We have seen the same trends in weight among children and adolescents. Before 1980, about five percent of adolescents were obese. By 2012 the figure was almost 21 percent—over one in five of our youth. A significant number of today’s adolescents are suffering from obesity-related clinical manifestations of what used to be considered adult conditions, such as high blood pressure and type 2 diabetes. These are conditions that were basically non-existent in children 30 to 40 years ago. Today, national surveys are showing that nearly a quarter of adolescents have pre-diabetes or diabetes. This is a record-breaking statistic that is not acceptable for our children, for our economy or for the very future of our country.

We can take steps right now to protect children by making healthy food the most accessible. It has been shown that children will eat what’s there. One step that has been taken in the school setting is illustrated by this example: when high-fat, high-sugar snack foods and sodas were no longer sold at schools, students complained for a couple of weeks and then moved on to choosing healthier options that were made available.

There are many other opportunities to shift access from unhealthy to healthy foods in places where children live, learn, and play. Our bodies were programmed throughout evolutionary history to deal with food scarcity by seeking and consuming calorie-dense foods, with higher levels of sugars and fats. But in the context of our society’s current food system this adaptive evolutionary mechanism now makes children more vulnerable to the dangers of overconsumption. We must take steps to protect children from the this threat to their health, well being and longevity, as well as the threat that high chronic disease rates pose to our nation’s economy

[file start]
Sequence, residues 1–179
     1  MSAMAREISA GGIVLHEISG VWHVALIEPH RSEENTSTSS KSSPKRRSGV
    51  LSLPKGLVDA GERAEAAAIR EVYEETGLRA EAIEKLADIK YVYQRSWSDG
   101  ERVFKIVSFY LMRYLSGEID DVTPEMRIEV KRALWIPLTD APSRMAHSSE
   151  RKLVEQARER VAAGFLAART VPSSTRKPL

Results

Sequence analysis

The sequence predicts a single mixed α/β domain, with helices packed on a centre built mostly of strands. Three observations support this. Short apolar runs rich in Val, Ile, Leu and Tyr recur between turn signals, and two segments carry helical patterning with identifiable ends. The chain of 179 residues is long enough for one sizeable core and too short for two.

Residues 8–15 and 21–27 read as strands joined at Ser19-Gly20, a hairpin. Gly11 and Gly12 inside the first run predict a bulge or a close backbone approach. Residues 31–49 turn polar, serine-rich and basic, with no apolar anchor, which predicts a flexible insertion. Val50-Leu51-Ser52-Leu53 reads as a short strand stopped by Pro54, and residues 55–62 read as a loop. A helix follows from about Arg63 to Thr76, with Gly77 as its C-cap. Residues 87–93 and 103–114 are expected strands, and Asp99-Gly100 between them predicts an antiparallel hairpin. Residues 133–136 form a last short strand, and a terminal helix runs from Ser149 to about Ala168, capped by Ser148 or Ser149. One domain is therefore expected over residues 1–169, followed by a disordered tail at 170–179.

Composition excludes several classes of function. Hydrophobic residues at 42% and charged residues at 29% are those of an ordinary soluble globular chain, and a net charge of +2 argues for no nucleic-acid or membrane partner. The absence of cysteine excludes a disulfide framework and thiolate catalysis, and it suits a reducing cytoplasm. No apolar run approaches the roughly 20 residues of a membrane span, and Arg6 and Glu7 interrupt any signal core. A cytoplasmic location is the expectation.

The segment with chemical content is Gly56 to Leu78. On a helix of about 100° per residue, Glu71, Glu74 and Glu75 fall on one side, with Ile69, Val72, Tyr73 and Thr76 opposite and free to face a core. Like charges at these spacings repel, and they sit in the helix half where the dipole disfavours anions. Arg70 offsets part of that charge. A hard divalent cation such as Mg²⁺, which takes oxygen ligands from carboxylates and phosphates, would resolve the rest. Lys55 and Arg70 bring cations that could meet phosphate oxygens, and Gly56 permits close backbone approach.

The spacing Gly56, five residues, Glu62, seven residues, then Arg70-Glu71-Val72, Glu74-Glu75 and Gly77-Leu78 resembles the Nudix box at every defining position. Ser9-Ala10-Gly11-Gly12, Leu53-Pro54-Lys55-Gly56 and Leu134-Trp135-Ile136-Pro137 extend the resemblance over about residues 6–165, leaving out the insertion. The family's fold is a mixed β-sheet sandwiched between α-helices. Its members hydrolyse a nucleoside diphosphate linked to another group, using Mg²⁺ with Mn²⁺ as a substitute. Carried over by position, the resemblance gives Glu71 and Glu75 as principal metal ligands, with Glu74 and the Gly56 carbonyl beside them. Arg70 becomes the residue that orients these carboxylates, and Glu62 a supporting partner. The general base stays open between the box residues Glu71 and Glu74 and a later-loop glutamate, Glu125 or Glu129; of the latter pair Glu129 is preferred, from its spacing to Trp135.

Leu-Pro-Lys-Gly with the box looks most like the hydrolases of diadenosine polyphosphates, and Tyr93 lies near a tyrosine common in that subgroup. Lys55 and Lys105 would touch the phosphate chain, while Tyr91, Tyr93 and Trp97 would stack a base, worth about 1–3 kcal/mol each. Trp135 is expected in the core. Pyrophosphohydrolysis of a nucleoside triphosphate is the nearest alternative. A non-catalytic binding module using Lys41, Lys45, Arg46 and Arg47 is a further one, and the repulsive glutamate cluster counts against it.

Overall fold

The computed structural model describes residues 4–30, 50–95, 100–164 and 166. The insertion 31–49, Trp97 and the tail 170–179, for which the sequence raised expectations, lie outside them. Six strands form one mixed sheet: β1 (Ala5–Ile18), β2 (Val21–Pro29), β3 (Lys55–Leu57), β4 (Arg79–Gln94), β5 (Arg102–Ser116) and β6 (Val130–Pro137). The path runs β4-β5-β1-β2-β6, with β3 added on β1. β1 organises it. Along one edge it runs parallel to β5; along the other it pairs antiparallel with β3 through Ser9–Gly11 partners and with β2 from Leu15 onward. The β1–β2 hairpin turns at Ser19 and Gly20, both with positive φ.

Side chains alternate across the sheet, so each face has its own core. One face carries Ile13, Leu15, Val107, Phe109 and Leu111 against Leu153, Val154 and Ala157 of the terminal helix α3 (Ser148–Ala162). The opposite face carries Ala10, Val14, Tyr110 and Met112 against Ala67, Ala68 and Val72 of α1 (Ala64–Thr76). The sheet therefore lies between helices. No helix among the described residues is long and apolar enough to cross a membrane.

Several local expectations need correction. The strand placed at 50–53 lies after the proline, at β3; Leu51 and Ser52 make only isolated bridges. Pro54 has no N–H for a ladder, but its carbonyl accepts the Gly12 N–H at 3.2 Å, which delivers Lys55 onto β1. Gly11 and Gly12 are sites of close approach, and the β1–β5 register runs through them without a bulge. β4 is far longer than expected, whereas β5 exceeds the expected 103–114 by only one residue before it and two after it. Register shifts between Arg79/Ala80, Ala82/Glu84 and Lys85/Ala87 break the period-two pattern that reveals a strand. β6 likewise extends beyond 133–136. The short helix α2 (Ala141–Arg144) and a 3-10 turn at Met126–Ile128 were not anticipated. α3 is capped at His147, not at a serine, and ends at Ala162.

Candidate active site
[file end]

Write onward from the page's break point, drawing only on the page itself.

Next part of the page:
How much is about nutritional intake, and how much about lack of physical activity?

Levels of physical activity are low in this country, and that’s an important health risk. However, we have not seen the dramatic change in physical activity levels since 1980 that we saw in the level of dietary intake. American men, on average, consumed 2080 calories a day in 1978, rising by almost 13 percent to 2347 calories in 1997, when the figure beganto stabilize. A similar increase happened with women. Those increases all by themselves explain the pounds gained in this country.

We’re constantly hearing news about foods or food ingredients being good or bad. How can we make sense of all these reports?